"€œSen. Leff has already established herself as a strong voice of fairness, cooperation and communication . . .

Her no-nonsense, practical approach will be a vital part of the leadership team, as will her energy and commitment to helping lead our state to a brighter future."€

-Arizona State Senate President Bob Burns, upon appointing Barbara Leff as Senate President Pro-Tem, 8/27/09


News Room


This article appeared as a "My Turn" column in the Arizona Republic on February 4, 2004 and in the Tribune on February 6, 2004.

The recent Senate deliberations concerning the continuation of the half-cent sales tax for transportation have inspired much editorial activity from publications around the Valley. Many of those have seriously missed the mark, taking legislators to task for not rubber stamping or rushing through a transportation plan brought to them by the Maricopa Association of Governments (MAG).

What seems to be forgotten is that legislators do not represent MAG, or the mayors and lobbyists who came to the Senate to insist that their plan be adopted with no changes, no discussion. I was elected to the Senate to represent the interests and voice the concerns of the people in my district.  It would have been unconscionable for me to act as a rubber stamp for a plan that did not serve those people as well as it could.

Before the continuation of the half-cent sales tax can go to the ballot in Maricopa County, it must be approved by the State Legislature. The debate has been heated and the controversy has been focused on one part of the transportation plan. We all agree that the tax must be extended to keep the Valley transportation capabilities on pace with our continuing growth. We all agree that there must be a viable public transportation component to the plan in addition to roads and freeways. 

Light rail is the only real controversial piece of the plan. Voters should be able to determine whether light rail is extended beyond the central city. In cities that have light rail in their transit plans, voters should have a choice on whether they want to extend the light rail system at a cost of  approximately $2.4 billion for only 27 miles of track, or have those dollars used for other public transportation options in their city.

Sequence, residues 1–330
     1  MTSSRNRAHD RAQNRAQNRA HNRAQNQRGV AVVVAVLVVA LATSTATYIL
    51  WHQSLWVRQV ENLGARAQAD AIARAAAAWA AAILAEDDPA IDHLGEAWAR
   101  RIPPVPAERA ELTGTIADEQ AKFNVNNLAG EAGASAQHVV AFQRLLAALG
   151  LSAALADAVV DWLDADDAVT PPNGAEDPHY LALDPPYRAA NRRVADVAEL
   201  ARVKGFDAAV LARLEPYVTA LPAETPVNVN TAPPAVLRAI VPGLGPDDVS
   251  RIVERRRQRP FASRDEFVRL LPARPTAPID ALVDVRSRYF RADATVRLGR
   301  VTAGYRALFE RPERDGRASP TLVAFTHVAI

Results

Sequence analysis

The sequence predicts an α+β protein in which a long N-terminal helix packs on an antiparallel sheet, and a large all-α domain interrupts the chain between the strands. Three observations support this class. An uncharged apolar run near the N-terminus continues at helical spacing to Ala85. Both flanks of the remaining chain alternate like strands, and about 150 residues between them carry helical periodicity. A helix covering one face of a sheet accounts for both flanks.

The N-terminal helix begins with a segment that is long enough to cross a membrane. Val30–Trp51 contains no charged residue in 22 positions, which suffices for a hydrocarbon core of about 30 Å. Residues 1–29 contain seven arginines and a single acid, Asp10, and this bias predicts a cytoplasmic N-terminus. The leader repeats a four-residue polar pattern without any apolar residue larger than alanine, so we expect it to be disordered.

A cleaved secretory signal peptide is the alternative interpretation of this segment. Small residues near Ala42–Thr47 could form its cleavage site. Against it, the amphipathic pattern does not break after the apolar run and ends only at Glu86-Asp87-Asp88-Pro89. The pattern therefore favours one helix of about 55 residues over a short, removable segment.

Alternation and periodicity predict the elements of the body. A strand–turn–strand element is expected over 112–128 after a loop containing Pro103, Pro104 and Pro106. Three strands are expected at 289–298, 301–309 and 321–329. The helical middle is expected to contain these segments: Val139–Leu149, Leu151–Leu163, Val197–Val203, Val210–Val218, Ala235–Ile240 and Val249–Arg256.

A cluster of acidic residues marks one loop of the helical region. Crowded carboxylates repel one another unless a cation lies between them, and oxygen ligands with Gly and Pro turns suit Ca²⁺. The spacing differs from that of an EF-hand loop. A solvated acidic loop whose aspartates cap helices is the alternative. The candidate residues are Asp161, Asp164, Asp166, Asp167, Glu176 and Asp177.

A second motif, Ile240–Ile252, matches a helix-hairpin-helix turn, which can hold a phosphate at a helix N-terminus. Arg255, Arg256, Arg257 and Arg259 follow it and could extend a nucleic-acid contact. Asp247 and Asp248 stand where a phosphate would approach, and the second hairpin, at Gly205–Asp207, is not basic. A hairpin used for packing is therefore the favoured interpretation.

Everyone I have spoken to recognizes the need for an alternative to the car. The issue is what makes sense for each community. Light rail is being built in Central Phoenix and Tempe. The debate is on the extension of light rail into the areas of the Valley that do not have the density to support it.  There are no natural transportation corridors in the outlying areas where large numbers of people use the same street to get to work. In fact, Phoenix was designed to have a variety of hubs for business activity. The Village Core concept, where people work, play and live in  areas other than downtown, was planned and designed by the same city planners who now seem surprised that we are so spread out.

Light Rail is a €œtrolley€ system. Permanent tracks will be laid in the middle of the road taking out vehicle traffic lanes to accommodate those tracks. It moves slowly with an average speed of just 16 miles per hour. This makes no sense for an area like Paradise Valley. The plan shows permanent tracks up State Route 51 and from 32nd Street and Shea to the Paradise Valley Mall. If the goal is to get people to downtown Phoenix, then we should build a rapid transit system. There are other options for public transportation that are more cost effective and less disruptive than light rail.

Giving people a choice at the ballot is the right thing to do. If the extension of light rail is such a good idea, people will vote “yes.€ That'€™s why it has been my position that the voters deserve a question on the ballot that asks them if they want to spend $2.4 billion on extending light rail or whether they want the money to be used to build a sensible public transportation system that would help move the most people around this Valley.

With the bill that has passed the legislature, voters will not have the opportunity to vote on light rail separately. It would be a shame if the entire package fails in November as a result.